The gene is only found on the Y chromosome which, until today, was thought to only carry genetic information that leads to an embryo developing as a male, rather than a female, foetus.
It appears to offer an extra layer of protection against acute myeloid leukaemia (AML), development researchers at the Wellcome Sanger Institute and the University of Cambridge said changed the way the Y chromosome was viewed and could lead to new treatments.
Each year, about 2,600 people in the UK are diagnosed with AML, an aggressive blood cancer that develops in cells of the bone marrow and leads to life-threatening infections and bleeding.
Mainstream treatments for the condition have remained unchanged for decades and just 20 per cent of patients survive for five years after diagnosis.
Women have two X chromosomes whereas men have one X and one Y chromosome. The X and Y chromosomes share many genes, but a small number of genes, including UTY, are only found on the Y chromosome.
The team studied the X-chromosome gene UTX in human cells and in mice to try to understand its role in AML.
They found the loss of the UTX, which is known to be mutated in many tumours, hastens the development of AML. This is because the healthy gene performs a key function in coordinating cellular proteins and the gene expression.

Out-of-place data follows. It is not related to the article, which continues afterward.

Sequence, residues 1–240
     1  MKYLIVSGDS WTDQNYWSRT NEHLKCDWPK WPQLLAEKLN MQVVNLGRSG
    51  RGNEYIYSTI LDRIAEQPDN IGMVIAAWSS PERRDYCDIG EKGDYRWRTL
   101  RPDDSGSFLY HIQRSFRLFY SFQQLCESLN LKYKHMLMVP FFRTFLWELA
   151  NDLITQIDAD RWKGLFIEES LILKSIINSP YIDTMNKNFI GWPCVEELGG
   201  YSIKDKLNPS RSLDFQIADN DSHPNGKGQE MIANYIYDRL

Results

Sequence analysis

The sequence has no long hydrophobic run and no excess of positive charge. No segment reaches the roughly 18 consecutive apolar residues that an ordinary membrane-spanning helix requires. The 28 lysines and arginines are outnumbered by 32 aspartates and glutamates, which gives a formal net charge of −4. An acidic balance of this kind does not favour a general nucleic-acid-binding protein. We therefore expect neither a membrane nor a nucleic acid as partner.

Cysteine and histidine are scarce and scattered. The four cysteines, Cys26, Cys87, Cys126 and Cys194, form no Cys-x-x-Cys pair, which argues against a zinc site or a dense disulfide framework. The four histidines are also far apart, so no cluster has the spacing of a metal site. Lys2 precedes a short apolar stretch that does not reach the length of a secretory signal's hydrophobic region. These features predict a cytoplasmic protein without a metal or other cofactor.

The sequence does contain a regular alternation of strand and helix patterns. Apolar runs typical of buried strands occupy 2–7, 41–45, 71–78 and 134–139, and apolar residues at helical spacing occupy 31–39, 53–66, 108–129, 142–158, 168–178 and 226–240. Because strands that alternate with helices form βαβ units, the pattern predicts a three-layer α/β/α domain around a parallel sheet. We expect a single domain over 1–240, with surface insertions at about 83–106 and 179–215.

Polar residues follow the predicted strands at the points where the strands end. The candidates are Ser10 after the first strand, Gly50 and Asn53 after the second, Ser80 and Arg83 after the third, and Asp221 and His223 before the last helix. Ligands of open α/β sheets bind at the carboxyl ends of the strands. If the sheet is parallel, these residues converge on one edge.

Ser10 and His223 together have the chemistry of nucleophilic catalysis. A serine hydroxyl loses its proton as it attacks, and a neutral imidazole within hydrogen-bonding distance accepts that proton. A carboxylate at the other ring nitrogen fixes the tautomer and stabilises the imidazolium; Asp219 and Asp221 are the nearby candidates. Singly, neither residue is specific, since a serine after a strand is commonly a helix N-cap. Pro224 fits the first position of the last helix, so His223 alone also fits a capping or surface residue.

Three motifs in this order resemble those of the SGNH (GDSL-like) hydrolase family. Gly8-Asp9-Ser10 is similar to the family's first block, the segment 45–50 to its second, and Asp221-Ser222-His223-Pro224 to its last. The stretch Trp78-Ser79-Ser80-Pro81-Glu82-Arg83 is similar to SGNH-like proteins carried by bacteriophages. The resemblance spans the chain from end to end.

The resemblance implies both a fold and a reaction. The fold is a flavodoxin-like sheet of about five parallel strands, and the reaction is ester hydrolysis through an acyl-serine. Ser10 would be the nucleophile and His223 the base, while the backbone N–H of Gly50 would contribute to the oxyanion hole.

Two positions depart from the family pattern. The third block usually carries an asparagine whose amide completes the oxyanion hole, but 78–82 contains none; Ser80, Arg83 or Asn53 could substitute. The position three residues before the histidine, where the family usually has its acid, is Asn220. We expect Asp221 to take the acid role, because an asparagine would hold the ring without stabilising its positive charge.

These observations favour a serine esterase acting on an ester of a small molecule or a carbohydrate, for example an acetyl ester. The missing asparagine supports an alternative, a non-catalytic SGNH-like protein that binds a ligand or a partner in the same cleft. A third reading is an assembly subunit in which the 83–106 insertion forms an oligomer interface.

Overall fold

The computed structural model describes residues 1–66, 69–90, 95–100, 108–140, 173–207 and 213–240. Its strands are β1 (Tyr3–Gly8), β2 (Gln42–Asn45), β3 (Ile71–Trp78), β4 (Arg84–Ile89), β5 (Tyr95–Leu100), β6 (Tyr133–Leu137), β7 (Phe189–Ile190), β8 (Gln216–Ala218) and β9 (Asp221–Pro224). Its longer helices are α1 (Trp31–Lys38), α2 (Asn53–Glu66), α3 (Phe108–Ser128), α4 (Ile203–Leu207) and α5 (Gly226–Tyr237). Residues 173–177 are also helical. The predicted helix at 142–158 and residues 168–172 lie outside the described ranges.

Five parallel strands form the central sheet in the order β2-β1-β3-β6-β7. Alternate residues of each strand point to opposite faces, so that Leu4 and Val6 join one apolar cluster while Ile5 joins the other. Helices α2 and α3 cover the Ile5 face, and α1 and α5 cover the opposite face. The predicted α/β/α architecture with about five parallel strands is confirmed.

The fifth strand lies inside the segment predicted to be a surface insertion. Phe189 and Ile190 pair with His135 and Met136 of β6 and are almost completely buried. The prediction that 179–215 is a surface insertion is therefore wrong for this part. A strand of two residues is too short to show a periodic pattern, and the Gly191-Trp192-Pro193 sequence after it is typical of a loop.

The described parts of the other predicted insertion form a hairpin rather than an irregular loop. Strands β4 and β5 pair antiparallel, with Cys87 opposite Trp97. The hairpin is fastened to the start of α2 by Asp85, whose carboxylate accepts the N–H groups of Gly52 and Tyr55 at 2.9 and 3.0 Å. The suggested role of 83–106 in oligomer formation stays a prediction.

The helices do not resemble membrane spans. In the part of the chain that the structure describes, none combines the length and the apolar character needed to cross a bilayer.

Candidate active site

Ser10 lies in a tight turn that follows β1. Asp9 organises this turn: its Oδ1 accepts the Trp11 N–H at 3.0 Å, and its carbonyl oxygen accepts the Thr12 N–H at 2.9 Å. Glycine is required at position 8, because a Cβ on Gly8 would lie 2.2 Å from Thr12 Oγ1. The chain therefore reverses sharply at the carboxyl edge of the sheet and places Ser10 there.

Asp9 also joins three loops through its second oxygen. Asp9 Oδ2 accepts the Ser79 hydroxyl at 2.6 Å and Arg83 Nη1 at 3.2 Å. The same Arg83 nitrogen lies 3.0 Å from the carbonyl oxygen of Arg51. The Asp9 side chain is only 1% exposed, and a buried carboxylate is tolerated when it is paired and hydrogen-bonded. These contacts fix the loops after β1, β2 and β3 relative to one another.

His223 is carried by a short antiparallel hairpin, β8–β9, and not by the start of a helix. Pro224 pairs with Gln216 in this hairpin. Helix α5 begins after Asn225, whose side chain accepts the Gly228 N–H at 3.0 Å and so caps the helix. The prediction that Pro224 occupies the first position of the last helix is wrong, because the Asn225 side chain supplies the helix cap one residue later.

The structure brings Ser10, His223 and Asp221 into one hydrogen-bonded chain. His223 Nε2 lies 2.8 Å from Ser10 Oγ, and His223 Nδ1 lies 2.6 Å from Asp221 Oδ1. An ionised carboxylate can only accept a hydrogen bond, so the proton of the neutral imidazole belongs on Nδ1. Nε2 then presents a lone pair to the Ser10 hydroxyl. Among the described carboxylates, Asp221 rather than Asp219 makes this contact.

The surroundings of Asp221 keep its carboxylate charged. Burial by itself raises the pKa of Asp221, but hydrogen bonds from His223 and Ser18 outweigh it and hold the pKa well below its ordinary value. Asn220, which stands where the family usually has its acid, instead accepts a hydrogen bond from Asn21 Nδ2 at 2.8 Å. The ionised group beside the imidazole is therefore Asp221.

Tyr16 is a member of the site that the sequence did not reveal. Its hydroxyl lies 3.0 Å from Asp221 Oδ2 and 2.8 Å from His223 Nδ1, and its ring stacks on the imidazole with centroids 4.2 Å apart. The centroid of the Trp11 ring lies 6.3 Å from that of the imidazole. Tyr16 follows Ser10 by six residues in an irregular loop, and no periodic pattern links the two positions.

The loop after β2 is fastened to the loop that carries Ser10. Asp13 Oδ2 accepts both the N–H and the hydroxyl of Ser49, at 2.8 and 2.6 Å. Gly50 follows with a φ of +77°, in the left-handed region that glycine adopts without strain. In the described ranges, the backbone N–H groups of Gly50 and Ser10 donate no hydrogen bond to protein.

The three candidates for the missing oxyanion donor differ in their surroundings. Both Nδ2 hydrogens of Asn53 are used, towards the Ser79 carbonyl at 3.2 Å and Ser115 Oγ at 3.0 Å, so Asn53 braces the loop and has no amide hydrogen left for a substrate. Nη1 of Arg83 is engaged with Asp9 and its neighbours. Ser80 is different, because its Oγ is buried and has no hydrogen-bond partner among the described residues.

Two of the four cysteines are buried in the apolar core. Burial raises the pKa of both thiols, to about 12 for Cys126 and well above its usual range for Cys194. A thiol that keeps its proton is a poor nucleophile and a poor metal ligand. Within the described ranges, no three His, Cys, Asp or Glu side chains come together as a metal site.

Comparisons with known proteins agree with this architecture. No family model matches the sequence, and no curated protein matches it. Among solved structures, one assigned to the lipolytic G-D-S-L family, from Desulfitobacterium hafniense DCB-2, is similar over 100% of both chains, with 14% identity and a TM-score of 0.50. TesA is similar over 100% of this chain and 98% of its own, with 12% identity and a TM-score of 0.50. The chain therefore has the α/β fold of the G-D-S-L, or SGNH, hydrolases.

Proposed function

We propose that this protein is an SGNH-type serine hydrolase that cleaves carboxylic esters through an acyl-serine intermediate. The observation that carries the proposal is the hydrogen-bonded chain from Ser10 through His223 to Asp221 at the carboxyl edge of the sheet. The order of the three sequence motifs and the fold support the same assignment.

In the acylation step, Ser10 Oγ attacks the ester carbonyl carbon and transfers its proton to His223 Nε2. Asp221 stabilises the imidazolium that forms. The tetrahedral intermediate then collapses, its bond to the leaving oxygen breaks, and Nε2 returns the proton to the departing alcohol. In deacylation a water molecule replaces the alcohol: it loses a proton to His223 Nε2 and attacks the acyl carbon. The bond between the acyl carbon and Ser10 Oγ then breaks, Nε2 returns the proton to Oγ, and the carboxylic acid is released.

The researchers also found that UTY, a related gene on the Y chromosome, protected male mice that were lacking UTX against developing AML, because it can stand in and perform the role of UTX in preventing the unchecked growth of cells.
The study, published in Nature Genetics, showed that in AML and in several other human cancers types, loss of UTX is accompanied by loss of UTY, meaning the cancer-suppressing role of UTY extends beyond AML.
Lead author Dr Malgorzata Gozdecka, of the Wellcome Sanger Institute, said: “Previously it had been suggested that the only function of the Y chromosome is in creating male sexual characteristics, but our results indicate that the Y chromosome could also protect against AML and other cancers.”
Professor Brian Huntly, of the University of Cambridge and a consultant haematologist at Cambridge University Hospitals NHS Trust, said: “It is known that men often lose the Y chromosome from their cells as they age, however the significance of this was unclear.
“Our study strengthens the argument that loss of the Y chromosome can increase the risk of cancer and describes a mechanism for how this may happen.”
Dr Alasdair Rankin, director of research at the charity Bloodwise, said: “Survival rates for AML remain tragically low, with current treatment that involves intensive chemotherapy, often combined with a stem cell transplant, only curing a small proportion of patients.
“This important research helps build a fuller picture of what goes wrong genetically as this highly aggressive leukaemia develops. Understanding this process is key to developing targeted drugs for AML, allowing us to move away from gruelling and often ineffective chemotherapy-based treatments.”
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